Credible Julie Swetnick Lied About Job/Salary with a Payout as a Reward – Allegedly

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The media and Democrats, one and the same, are very upset that the President has omitted Julie Swetnick from the FBI probe because she is deemed “not credible”. She isn’t credible. Not only is her story preposterous, but she has a very checkered history. The AP covered another story about her that exposes her character and reliability.

Swetnick has a number of shortcomings, including her extensive lawsuits and a sexual harassment complaint against her. She has been involved in six legal cases over the past 25 years. Something new just popped up from her past.

An ex-employer accuses her of falsifying her college and work history on her job application. It looks like she did it to get a payout.

As a plaintiff in a 1994 lawsuit, Swetnick filed a personal injury lawsuit in Maryland against the Washington Metropolitan Area Transit Authority. She said she lost more than $420,000 in earnings after she hurt her nose in a fall on a train in 1992.

She had to invent a high-paying job and did. She said she was a model and actor and because of an injury, she missed opportunities. Swetnick named “Konam Studios” and identified Nam Ko, a representative for the company, to back up her claim.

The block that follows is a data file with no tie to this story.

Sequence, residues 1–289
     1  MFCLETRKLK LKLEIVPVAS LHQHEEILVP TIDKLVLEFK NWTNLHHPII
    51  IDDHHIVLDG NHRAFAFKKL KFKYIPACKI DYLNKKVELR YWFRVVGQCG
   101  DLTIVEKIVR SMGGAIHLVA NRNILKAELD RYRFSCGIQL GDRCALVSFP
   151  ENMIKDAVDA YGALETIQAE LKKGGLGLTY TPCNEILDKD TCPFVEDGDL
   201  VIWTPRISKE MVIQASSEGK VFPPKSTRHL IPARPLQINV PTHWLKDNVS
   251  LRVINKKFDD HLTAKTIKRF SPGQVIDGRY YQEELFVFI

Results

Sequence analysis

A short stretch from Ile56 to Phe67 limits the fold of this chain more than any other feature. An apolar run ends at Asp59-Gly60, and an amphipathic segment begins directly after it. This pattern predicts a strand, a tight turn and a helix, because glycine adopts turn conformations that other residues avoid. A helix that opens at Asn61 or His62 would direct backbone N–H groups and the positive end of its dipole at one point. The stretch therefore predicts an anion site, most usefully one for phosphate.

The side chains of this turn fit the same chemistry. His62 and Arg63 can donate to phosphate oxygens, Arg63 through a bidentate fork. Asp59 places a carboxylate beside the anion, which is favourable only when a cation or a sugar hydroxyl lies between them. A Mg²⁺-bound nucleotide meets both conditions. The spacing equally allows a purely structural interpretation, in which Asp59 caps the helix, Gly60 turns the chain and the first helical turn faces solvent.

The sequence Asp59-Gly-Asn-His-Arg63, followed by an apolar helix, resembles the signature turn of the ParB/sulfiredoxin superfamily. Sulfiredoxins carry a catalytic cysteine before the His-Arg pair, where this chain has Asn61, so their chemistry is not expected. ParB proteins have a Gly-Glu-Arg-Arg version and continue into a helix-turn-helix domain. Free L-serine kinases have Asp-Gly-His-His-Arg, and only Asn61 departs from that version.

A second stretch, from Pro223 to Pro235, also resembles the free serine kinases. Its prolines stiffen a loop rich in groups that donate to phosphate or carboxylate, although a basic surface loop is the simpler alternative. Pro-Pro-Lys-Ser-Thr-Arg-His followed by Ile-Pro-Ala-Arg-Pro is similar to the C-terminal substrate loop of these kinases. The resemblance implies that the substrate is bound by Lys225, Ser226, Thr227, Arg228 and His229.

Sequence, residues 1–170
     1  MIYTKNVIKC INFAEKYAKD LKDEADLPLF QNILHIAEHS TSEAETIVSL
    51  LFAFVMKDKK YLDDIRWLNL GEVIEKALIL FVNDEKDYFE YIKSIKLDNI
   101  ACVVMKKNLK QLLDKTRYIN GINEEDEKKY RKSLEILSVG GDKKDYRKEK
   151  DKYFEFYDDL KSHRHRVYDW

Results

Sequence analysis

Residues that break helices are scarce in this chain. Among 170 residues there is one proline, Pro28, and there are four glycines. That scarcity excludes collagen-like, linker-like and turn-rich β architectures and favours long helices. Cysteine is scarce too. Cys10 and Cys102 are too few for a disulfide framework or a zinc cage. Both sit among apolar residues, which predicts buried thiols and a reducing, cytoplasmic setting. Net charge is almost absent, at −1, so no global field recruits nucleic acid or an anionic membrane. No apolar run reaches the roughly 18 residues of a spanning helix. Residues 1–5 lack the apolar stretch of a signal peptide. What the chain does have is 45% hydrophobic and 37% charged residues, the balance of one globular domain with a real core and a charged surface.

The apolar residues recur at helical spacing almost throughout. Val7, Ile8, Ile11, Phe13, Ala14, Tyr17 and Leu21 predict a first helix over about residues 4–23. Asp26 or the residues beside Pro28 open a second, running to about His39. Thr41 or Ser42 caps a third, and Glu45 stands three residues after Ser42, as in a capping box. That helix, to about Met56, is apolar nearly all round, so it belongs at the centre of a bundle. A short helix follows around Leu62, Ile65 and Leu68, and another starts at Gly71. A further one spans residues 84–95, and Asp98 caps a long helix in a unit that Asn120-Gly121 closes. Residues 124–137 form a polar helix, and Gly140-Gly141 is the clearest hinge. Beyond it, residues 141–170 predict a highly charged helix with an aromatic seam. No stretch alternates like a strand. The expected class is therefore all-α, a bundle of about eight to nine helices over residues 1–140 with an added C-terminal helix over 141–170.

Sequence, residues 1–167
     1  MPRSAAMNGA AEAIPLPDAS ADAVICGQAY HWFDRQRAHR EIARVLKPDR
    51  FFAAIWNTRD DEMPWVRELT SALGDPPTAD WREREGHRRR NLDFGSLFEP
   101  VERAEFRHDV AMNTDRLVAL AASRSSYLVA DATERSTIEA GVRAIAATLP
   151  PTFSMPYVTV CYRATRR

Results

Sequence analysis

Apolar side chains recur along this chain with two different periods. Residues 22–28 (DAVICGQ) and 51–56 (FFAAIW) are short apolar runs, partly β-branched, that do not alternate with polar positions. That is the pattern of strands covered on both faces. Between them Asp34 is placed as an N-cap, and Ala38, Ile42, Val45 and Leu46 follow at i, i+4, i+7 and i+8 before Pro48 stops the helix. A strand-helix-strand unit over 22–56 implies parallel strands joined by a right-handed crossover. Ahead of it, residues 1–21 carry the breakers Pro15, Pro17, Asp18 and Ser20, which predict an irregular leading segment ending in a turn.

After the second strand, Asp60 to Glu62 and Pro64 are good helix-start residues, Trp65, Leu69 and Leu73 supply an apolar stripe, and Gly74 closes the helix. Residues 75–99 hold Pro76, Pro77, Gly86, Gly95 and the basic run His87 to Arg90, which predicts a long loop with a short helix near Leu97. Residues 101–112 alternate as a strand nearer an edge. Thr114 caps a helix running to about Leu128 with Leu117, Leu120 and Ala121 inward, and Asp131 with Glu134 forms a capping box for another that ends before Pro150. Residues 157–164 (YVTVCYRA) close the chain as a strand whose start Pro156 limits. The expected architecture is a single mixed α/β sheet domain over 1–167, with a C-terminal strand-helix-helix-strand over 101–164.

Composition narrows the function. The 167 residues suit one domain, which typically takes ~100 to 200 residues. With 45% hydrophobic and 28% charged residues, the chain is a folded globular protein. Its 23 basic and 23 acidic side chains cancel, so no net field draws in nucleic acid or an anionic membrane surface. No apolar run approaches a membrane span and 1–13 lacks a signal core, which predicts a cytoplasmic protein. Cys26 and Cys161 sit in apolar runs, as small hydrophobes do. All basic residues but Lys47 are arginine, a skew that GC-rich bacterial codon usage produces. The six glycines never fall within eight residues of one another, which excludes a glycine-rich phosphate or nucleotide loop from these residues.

Ko reportedly told AP on Friday that he was a friend of Swetnick’s,  but he had never owned that company and had never agreed to pay Swetnick.

“I didn’t have any money back then. I (was) broke as can be,” Ko said.

Ko said he has a hazy memory of Swetnick asking to use him as a “character reference” but doesn’t recall hearing about her lawsuit.

“I thought it was for a job application,” he said.

Court records show Swetnick’s lawsuit against the transit agency was dismissed in 1997 after a settlement was reached. Vincent Jankoski, one of the lawyers who defended the agency, said the case was resolved without paying Swetnick any money after she failed to provide documentation supporting her lost-wage claims, the AP reported.

 

2 COMMENTS

  1. Communism, and ideology in general, is founded on “organized and systematic lying,” which differs from “ordinary falsehood,” Professor Flagg Taylor of Skidmore College argues, referencing French historian and philosopher Alain Besançon, in that the “ordinary falsehood” “stays in touch with the truth and knowingly distorts the truth,” whereas the “ideological lie, by contrast…seeks to impose a pseudo-reality upon reality. It does not depart from reality so much as [it] completely ignores reality and…it seeks to disrupt our normal access to reality.”

    The pseudo-reality “acquires a very peculiar but real strength,” Taylor said, quoting the late Czech statesman Václav Havel. “It becomes reality itself, albeit a reality altogether self-contained, one that on certain levels may have greater weight than reality as such. Reality does not shape theory, but rather the reverse.”

    It can appear that “theory itself…ideology itself, makes the decisions that affect people, not the other way around,” the Skidmore professor said. “And so in this precise sense, totalitarian regimes, ideocracies, are inhuman” and impenetrable.

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